There's A Serious Reason Why Kate & Gerry Aren't In Netflix's Madeleine McCann Doc

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If you've had the time to sit down and speed through Netflix's latest true-crime doc The Disappearance of Madeleine McCann, you may have noticed a substantial absence among those interviewed for the eight-part series. While archival news and interview footage of Kate and Gerry McCann is used to provide their accounts of their daughter's disappearance, Madeleine's parents were otherwise not involved in the production of the series. So why aren't Madeleine McCann's parents featured in the documentary?

If you weren't aware, The Disappearance of Madeleine McCann documents the details of the then three-year-old's disappearance from a holiday complex in Praia de Luz, Portugal in 2007. Using 120 hours of new and existing footage combined with interviews with investigators, journalists, and others involved to theorise what happened to Madeleine and why she went missing in the first place.

But pretty soon after the documentary was announced last Thursday (March 14), the McCanns issued a statement regarding the documentary on findmadeleine.com, where they also explained why they declined to be involved. The statement read:

"We are aware that Netflix are planning to screen a documentary in March 2019 about Madeleine's disappearance. The production company told us that they were making the documentary and asked us to participate. We did not see and still do not see how this programme will help the search for Madeleine and, particularly given there is an active police investigation, could potentially hinder it.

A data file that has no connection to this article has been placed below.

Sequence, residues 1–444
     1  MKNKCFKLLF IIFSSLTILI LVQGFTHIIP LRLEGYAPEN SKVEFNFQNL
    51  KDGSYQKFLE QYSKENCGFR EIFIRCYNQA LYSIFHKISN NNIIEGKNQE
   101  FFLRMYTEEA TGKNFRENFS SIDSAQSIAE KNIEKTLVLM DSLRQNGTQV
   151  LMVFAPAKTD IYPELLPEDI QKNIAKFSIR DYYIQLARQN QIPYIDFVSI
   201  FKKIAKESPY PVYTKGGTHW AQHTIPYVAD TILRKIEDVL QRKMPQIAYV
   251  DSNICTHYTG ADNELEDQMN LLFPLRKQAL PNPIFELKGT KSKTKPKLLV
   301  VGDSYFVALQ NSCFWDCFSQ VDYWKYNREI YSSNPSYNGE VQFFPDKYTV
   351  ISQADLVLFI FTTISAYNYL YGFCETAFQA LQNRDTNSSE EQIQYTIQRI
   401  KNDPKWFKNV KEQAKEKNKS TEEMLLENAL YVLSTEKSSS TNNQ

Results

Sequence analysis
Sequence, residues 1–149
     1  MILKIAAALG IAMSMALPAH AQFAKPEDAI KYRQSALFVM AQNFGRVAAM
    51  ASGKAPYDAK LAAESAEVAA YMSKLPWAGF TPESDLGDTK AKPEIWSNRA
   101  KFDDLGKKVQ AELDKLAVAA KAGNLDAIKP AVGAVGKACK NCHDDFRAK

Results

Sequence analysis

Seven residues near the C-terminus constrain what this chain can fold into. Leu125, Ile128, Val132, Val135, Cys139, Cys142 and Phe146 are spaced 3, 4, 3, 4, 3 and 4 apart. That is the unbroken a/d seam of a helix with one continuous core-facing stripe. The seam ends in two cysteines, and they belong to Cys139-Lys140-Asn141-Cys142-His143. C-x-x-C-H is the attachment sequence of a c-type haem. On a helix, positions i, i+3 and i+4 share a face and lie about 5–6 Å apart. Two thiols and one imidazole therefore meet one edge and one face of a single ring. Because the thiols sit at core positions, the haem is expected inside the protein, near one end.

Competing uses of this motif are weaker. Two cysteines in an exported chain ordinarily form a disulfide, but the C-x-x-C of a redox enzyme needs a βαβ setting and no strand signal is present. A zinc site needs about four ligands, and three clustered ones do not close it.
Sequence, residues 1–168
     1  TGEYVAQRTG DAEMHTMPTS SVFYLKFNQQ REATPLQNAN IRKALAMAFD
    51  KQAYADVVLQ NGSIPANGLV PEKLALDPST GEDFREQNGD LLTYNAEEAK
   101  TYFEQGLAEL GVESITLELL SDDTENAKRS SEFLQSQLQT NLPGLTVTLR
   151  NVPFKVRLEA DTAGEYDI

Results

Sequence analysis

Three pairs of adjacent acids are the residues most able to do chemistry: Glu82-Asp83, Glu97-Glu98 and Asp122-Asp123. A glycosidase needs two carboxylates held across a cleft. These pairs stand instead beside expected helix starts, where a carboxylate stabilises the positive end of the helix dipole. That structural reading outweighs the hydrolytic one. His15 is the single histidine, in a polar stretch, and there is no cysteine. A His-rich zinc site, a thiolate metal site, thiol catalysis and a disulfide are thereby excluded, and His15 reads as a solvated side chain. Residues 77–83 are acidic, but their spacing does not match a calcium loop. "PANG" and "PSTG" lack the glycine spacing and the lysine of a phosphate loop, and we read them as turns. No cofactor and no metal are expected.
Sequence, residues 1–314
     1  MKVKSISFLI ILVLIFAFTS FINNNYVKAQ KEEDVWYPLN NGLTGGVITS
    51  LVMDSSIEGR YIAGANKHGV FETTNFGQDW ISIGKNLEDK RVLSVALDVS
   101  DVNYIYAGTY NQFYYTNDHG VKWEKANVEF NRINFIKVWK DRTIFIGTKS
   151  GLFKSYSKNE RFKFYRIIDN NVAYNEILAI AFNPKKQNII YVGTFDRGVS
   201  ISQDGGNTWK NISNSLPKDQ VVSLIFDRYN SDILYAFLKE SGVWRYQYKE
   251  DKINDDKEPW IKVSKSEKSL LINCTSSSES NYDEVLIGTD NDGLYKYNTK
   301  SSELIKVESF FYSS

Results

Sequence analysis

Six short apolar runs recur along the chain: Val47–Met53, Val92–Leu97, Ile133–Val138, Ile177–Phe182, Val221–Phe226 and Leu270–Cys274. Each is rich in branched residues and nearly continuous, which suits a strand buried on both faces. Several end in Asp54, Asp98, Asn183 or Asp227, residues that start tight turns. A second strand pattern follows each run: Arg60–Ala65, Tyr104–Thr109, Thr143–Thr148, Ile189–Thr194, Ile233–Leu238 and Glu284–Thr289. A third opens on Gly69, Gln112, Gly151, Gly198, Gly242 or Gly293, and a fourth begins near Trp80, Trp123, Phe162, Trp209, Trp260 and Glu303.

Consequently, our views and preferences are not reflected in the programme. We will not be making any further statements or giving interviews regarding this programme."

The McCanns' spokesperson Clarence Mitchell also gave insight as to why Kate and Gerry decided not to be involved with the documentary during Friday's (March 15) broadcast of This Morning. Mitchell explained to presenters Eamonn Holmes and Ruth Langsford that the series could resurface theories that the McCanns could have been involved in their daughter's disappearance.

"[The documentary] fuels those conspiracy theorists, there's whole websites and forums dedicated to vilifying them and others around them, myself included. It's nonsense. If the allegations that have been disproven and discounted are aired again, I'm afraid it will fuel that. Kate and Gerry ignore all of that."

I have contacted Netflix for comment and will update you as soon as they get back to me.

He continued: "They have always believed that in the absence of any definitive evidence to suggest that the worst has happened, that she could still be alive and that's what keeps them going to this day. There is no evidence that she's come to physical harm whatsoever and until somebody sits them down and says they have the worst possible news for them, and the evidence, then they have to keep going."

In a recent interview with The Telegraph, Mitchell also suggested that Netflix were more interested in creating a piece of "infotainment" rather than adding anything significant to the case, and that the series is "one-sided" even though the streaming company apparently offered the McCann's to watch the series in advance.

"Netflix are a commercial operation, they are obviously looking for hits on the platform and if it's done within the laws of defamation then fine," Mitchell told the publication. "Because they have not talked to our side, it will inevitably be one-sided and I'm afraid this just gives succour to the conspiracy loons out there."

The Disappearance of Madeline McCann is available to stream on Netflix.